Conveniently, after she discovers what *appears* to be an Infinity Stone, her mother returns in her full Nova outfit ensuring her daughter that everything is going to be okay and all is right.. until the very next panel reveals Thanos holding a similar looking Infinity Stone-esque object and states “That is decidedly untrue.”
All was not right.
This story is the first of a several issue arc and is one hell of a thrill-ride thus far. The family themes stemming from the single-father doing whatever it takes to protect his family to the grandfather attempting to sacrifice himself in a fearless act of defiance to save his granddaughter to the sister/sister bickering. The Bikian clan is a group of relatable characters with an interesting story that should be fleshed out over time.
The looming threat of a wounded Thanos on the hunt to recover his beloved stones from which he has been separated is an intriguing and truly terrifying arc, especially when the heroes of this story are a broken family filled with broken individuals all suffering some form of post-traumatic stress following the destruction of everything they hold near and dear.
I love when Marvel take familiar elements from its past and seamlessly weaves them into current stories that allow for more inclusion, diversity, and representation for its faithful readers. This was a fun one and I genuinely can’t wait to dive into the rest of the issues available on Marvel Unlimited.
Rating: 9/10 with most of the points going towards the levels of excitement being felt about the future of the story.
All-Star Batman #8
Review By Ernesto Valenzuela (@ThisIs_Ernesto)
DC Rebirth continues to prove itself to be a mostly successful venture for DC in the comics industry, with multiple hit titles breaking sales records and receiving critical acclaim for many of it’s titles. One such title that continues to get praise (and deservedly so) is ‘All-Star Batman’, a new Batman title written by Scott Snyder, who is famously known for writing the main Batman title during the New 52. This run is different, however, because of it’s choice in focusing on different villains each issue and exchanging artists whenever a new villain is put on the spotlight, with only the best of the best lending their talents to bring Snyder’s vision to life (Hence the All-Star).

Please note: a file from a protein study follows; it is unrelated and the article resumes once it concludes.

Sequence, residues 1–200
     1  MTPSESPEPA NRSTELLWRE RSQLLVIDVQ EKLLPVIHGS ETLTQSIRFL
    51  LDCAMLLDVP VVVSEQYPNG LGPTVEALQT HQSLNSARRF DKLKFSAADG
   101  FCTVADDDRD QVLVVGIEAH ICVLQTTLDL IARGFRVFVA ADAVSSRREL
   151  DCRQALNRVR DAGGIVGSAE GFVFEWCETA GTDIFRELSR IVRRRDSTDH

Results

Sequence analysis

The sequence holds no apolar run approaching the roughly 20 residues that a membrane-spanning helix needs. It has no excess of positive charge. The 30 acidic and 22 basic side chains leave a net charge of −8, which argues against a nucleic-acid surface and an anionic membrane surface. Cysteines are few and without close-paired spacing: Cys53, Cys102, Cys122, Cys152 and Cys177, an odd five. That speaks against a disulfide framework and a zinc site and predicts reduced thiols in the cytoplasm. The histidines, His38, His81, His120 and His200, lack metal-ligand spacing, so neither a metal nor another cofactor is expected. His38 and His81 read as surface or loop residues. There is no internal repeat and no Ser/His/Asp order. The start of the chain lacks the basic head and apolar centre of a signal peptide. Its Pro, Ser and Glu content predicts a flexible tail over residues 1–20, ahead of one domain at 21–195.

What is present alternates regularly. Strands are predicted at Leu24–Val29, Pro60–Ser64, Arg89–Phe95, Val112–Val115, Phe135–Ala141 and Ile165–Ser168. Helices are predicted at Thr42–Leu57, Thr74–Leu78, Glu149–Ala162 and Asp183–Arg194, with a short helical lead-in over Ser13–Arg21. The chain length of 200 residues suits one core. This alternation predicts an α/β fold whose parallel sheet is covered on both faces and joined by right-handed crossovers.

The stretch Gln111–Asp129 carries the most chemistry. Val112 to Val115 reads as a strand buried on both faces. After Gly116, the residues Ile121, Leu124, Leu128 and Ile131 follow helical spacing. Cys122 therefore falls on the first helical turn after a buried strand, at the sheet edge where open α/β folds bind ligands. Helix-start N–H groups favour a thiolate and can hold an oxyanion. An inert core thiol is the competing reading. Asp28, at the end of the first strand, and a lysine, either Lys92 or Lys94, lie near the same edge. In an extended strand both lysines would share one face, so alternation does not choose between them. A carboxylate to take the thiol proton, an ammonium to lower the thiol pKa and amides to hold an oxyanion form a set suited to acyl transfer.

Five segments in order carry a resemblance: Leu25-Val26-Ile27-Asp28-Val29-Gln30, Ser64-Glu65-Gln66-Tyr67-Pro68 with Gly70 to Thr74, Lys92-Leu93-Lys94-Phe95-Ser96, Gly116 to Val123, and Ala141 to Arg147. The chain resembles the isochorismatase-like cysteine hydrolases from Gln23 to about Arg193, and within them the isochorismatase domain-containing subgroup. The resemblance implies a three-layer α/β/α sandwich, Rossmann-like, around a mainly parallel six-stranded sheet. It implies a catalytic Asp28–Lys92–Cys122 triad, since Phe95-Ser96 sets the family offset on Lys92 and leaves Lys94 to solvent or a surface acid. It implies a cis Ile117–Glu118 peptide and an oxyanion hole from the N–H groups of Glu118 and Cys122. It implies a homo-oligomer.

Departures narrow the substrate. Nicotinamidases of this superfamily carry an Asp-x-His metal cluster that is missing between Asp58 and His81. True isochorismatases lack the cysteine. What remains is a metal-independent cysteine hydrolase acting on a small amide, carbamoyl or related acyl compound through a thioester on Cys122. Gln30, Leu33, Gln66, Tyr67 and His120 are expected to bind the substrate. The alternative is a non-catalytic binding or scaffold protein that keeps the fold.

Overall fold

The villain in focus of this latest issue of All-Star Batman is The Mad Hatter, portrayed, in my opinion, a bold and interesting way, providing new depths and making a villain I once considered silly to be dark and disturbing, showing the true capabilities of his intellect, pushing Batman to his psychological limits. This is the definitive story for the Mad Hatter, in my opinion. This issue is exactly like the character of the Hatter: absolutely insane. Batman beats up Nightwing with a flamingo, for example.
If you want the backstory on that, read the issue. Seriously. It’s an amazing read. Although it lacks a bit in terms of the overall arc of the story (which started in Issue 6) All-Star Batman #8 manages to make a good psychological trip through the minds of Batman and the Mad Hatter. Camuncoli’s art truly shines through this issue, as I feel any other artist would have more than likely made the crazy and outlandish story confusing through the panels.
Overall, All-Star Batman #8 is another fantastic issue in the series, proving Snyder hasn’t lost his touch with writing Batman, OR his villains, providing a compelling story with The Mad Hatter. Pair that with compelling and beautifully done art that portrays Batman’s psyche in a very creative way, you have got one of the best comic books out this week.
Cyborg: Rebirth #1 (2016)
I’ve been way behind on my pull list recently; having just read DC Comics’ Cyborg: Rebirth from September 2016 and, sadly, the issue was nothing special. DC Rebirth has been killing it in every title and this is something that may not fit that mold as well as other titles. The book doesn’t seem to know what direction it’s headed in so it goes in all directions at once. It shows promise for the future but its present is nothing to be desired.
The art is decent, penciled by Paul Pelletier, but feels quiet. For example, there’s a splash page that just doesn’t feel special as it leaves the reader almost thinking “So what?” Pelletier’s art makes it easy to understand what’s going on but at times, but he doesn’t seem to have a “Wow!” factor. The art isn’t anything that’ll keep you hooked, sadly. It doesn’t turn one off but can fail to hold one’s attention.